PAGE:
Test2.A

Time Limit: 1000 ms Memory Limit: 65536 KiB

Problem Description

For many sets of consecutive integers from 1 through N (1 <= N <= 39), one can partition the set into two sets whose sums are identical.

For example, if N=3, one can partition the set {1, 2, 3} in one way so that the sums of both subsets are identical:

  • {3} and {1,2}

This counts as a single partitioning (i.e., reversing the order counts as the same partitioning and thus does not increase the count of partitions).

If N=7, there are four ways to partition the set {1, 2, 3, ... 7} so that each partition has the same sum:

  • {1,6,7} and {2,3,4,5}
  • {2,5,7} and {1,3,4,6}
  • {3,4,7} and {1,2,5,6}
  • {1,2,4,7} and {3,5,6}

Given N, your program should print the number of ways a set containing the integers from 1 through N can be partitioned into two sets whose sums are identical. Print 0 if there are no such ways.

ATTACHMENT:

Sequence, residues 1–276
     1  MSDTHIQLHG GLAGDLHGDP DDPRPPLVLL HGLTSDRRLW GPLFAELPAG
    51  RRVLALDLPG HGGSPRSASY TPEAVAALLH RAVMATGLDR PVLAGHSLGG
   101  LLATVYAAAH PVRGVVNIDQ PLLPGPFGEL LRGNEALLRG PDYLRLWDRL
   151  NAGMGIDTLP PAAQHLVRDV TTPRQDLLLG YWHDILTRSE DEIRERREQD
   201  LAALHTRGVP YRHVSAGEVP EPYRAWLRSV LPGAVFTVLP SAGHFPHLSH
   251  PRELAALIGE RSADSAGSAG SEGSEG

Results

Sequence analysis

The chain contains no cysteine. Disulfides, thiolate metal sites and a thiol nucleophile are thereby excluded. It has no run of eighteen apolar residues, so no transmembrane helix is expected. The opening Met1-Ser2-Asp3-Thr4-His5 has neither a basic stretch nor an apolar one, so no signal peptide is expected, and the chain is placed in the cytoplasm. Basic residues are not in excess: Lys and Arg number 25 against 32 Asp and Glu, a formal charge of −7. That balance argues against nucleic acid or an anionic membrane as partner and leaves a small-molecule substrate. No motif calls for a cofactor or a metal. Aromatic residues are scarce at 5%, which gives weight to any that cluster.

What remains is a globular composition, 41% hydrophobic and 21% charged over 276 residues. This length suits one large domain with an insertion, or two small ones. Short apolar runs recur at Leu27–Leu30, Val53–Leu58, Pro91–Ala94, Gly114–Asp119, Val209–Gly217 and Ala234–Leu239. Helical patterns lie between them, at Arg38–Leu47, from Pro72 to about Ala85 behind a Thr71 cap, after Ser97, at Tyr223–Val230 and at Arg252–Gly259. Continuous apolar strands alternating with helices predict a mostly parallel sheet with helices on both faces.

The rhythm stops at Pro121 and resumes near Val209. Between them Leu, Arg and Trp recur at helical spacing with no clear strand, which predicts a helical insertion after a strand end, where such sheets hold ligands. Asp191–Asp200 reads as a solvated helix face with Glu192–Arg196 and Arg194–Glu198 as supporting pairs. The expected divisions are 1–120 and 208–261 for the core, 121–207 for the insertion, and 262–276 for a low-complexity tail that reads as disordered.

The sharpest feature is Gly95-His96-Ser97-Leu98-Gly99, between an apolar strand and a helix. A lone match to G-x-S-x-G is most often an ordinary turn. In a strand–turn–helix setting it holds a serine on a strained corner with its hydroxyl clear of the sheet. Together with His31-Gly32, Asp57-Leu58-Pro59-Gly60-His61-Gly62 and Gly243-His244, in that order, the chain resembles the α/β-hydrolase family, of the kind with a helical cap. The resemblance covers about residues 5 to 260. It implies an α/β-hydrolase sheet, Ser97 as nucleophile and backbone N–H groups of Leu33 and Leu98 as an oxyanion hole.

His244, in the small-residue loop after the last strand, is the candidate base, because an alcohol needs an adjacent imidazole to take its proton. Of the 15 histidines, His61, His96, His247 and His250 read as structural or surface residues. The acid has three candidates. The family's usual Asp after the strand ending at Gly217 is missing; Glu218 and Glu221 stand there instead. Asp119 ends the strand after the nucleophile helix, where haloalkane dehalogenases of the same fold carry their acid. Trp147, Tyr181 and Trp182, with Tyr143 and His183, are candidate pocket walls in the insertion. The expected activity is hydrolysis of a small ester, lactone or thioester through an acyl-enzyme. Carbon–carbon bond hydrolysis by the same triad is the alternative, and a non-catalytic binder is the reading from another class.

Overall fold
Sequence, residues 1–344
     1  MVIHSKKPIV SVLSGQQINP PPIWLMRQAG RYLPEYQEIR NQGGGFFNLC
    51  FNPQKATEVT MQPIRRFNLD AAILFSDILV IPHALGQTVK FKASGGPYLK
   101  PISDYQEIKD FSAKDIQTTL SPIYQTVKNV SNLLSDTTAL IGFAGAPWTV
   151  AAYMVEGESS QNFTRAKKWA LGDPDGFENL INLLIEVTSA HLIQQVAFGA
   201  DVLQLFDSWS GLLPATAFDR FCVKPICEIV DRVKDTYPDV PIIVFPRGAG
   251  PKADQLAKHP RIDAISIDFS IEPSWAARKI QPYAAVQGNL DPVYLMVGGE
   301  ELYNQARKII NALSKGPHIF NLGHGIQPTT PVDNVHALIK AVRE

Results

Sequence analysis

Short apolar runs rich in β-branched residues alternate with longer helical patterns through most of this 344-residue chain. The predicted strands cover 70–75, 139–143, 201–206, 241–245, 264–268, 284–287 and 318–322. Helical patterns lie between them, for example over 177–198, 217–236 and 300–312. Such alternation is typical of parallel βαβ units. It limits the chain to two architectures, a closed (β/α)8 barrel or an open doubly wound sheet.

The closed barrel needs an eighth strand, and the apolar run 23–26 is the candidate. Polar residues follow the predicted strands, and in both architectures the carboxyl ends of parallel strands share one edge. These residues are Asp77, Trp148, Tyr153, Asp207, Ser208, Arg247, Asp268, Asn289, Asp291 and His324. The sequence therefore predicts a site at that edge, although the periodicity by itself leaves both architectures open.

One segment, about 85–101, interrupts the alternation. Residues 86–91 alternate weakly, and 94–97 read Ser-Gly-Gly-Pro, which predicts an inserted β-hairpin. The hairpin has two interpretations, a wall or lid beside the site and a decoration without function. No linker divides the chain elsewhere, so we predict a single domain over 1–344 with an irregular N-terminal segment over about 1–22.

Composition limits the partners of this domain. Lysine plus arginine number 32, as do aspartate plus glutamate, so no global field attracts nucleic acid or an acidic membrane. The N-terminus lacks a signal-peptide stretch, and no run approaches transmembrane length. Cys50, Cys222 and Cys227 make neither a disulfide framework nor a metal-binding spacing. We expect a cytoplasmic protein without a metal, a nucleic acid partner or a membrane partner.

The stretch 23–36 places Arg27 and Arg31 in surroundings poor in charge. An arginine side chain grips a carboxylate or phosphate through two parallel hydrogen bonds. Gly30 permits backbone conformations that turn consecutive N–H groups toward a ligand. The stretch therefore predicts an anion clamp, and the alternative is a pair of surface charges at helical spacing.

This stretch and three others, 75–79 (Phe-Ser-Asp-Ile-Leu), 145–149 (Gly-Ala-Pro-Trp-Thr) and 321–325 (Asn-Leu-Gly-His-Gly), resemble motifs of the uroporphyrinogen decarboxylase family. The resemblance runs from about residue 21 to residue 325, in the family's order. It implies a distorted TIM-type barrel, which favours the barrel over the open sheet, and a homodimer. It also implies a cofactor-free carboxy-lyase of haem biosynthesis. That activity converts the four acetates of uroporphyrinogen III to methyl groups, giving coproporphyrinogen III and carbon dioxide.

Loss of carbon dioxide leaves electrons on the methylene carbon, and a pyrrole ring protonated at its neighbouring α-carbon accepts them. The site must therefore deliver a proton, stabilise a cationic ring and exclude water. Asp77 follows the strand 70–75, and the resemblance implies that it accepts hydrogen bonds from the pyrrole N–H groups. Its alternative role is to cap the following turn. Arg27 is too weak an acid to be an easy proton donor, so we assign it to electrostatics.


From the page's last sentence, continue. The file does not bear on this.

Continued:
Your program must calculate the answer, not look it up from a table.

Input

There are some test cases.
The input file contains a single line with a single integer representing N, as above.

Output

For each test case:
The output file contains a single line with a single integer that tells how many same-sum partitions can be made from the set {1, 2, ..., N}. The output file should contain 0 if there are no ways to make a same-sum partition.

Sample Input

7

Sample Output

4

Hint

 

Source

USACO